A Eucalyptus tree in the Australian Outback, where researchers took samples of branches and leaves from trees to look for tiny particles of gold that could hint at subterranean gold deposits.
Credit: Mel Lintern
Trees may turn golden for reasons that have nothing to do with the onset of autumn: Eucalyptus trees can hold grains of gold, potentially helping reveal buried treasure, scientists now find.
Many plants root deep into the Earth, drawing up nutrients and minerals they need for life. Researchers hope this fact could one day help miners unearth gold, especially since discoveries of new deposits of the precious metal have dropped 45 percent over the last 10 years.
Scientists in Australia focused on eucalyptus trees, since traces of gold are sometimes found in soils surrounding these plants. However, researchers were not certain until now whether trees could actually absorb the precious metal from underground deposits or if the wind simply blew gold dust there from other sites.
Now one group has discovered the first evidence in nature of gold particles located within living tissue from trees.
Researchers investigated leaves, twigs and bark of eucalyptus trees up to 35 feet (10 meters) tall from two locations in Australia — one in the west, another in the south. Past exploratory drilling revealed these sites had gold buried underground, but the areas were undisturbed by further mining activity that might have contaminated the trees with gold dust.
X-ray analysis revealed gold particles up to about 8 microns wide in cells from the trees, or about 10 times thinner than the average human hair. Field samples and greenhouse experiments suggest these gold particles — which exist at concentrations not harmful to the trees — are absorbed by the roots and transported to its extremities, such as leaves, where the highest concentrations were observed.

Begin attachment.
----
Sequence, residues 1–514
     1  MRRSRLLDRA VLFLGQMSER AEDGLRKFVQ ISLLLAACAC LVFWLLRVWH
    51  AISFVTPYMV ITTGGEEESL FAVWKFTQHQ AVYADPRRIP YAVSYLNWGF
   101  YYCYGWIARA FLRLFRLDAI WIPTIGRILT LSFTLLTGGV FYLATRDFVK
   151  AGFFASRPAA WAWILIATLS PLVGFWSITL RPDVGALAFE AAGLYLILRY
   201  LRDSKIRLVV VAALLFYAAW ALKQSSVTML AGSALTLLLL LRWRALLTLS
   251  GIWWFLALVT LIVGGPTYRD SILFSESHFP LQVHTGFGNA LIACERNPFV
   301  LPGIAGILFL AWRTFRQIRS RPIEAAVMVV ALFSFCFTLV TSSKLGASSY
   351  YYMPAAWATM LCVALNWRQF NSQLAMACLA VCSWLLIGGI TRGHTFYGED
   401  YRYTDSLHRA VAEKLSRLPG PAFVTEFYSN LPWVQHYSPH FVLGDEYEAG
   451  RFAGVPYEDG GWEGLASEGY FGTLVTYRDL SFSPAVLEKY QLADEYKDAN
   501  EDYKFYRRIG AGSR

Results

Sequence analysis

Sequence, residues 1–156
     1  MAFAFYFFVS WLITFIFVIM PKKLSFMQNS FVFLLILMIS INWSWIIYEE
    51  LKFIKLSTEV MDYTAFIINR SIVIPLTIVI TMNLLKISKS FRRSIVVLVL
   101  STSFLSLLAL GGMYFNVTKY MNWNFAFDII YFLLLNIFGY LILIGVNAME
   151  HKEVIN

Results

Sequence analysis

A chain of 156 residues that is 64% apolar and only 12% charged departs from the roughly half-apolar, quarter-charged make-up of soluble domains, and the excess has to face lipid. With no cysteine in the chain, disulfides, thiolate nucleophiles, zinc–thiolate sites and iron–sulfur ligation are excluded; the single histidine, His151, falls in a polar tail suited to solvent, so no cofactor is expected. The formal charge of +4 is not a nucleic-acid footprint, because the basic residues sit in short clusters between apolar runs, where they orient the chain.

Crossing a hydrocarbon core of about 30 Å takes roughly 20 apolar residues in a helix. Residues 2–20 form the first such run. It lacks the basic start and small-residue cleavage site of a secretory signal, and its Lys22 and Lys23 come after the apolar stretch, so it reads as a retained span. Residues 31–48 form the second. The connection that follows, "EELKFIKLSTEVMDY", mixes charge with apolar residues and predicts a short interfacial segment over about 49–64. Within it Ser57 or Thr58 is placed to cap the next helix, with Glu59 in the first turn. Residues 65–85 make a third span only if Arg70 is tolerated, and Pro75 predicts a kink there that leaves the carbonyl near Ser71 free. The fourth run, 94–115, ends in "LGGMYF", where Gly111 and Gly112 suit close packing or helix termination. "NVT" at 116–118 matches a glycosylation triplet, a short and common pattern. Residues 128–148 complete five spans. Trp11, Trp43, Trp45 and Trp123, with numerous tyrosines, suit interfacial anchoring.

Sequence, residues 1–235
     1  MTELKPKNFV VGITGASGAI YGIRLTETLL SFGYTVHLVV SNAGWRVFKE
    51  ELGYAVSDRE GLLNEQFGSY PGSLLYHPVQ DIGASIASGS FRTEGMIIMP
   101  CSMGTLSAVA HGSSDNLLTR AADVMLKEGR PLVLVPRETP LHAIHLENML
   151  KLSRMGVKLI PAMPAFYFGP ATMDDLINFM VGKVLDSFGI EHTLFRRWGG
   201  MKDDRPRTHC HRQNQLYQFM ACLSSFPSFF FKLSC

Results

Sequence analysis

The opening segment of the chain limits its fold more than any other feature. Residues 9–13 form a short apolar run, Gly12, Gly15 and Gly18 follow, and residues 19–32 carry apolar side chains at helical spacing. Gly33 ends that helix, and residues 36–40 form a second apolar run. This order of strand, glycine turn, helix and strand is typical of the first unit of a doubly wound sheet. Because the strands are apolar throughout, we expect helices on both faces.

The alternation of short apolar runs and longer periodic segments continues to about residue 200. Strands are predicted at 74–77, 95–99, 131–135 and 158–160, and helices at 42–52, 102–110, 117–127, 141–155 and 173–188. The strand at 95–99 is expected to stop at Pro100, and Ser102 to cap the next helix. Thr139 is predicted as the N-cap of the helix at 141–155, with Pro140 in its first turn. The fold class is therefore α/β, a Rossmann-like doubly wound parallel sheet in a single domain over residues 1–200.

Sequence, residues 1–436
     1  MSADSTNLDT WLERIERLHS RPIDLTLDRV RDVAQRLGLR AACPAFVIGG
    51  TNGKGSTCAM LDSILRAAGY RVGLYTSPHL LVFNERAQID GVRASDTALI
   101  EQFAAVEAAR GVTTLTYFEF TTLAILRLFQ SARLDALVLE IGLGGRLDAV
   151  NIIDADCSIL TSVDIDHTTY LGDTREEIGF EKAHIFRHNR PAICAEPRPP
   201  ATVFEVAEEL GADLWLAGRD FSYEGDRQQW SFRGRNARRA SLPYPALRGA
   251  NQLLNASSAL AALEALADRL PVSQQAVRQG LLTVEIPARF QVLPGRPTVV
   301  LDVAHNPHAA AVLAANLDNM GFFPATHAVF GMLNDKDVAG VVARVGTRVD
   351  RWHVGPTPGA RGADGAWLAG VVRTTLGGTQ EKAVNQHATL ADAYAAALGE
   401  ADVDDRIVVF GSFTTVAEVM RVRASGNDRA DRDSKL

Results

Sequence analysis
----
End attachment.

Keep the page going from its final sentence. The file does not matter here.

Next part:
These findings, detailed online Oct. 22 in the journal Nature Communications,suggest the trees could tap into gold deposits up to 115 feet (35 meters) below them while searching for water under drought conditions.
"We were astounded at the capability of the eucalyptus trees to bring up gold from the equivalent [height] of a 10-story building,"study lead author Melvyn Lintern, a geochemist at the Commonwealth Scientific and Industrial Research Organization in Australia, told LiveScience's OurAmazingPlanet.
The researchers are not proposing mining these eucalyptus trees for gold, Lintern cautioned. "The amount of gold in the trees is extremely small. You would need 500 trees or more growing over a gold deposit to have enough gold to make a ring."
Instead, eucalyptus trees could help miners identify where deeply buried gold deposits might be located and therefore avoid wasting time, money and resources hunting for the precious metal over vast tracts of land, Lintern said.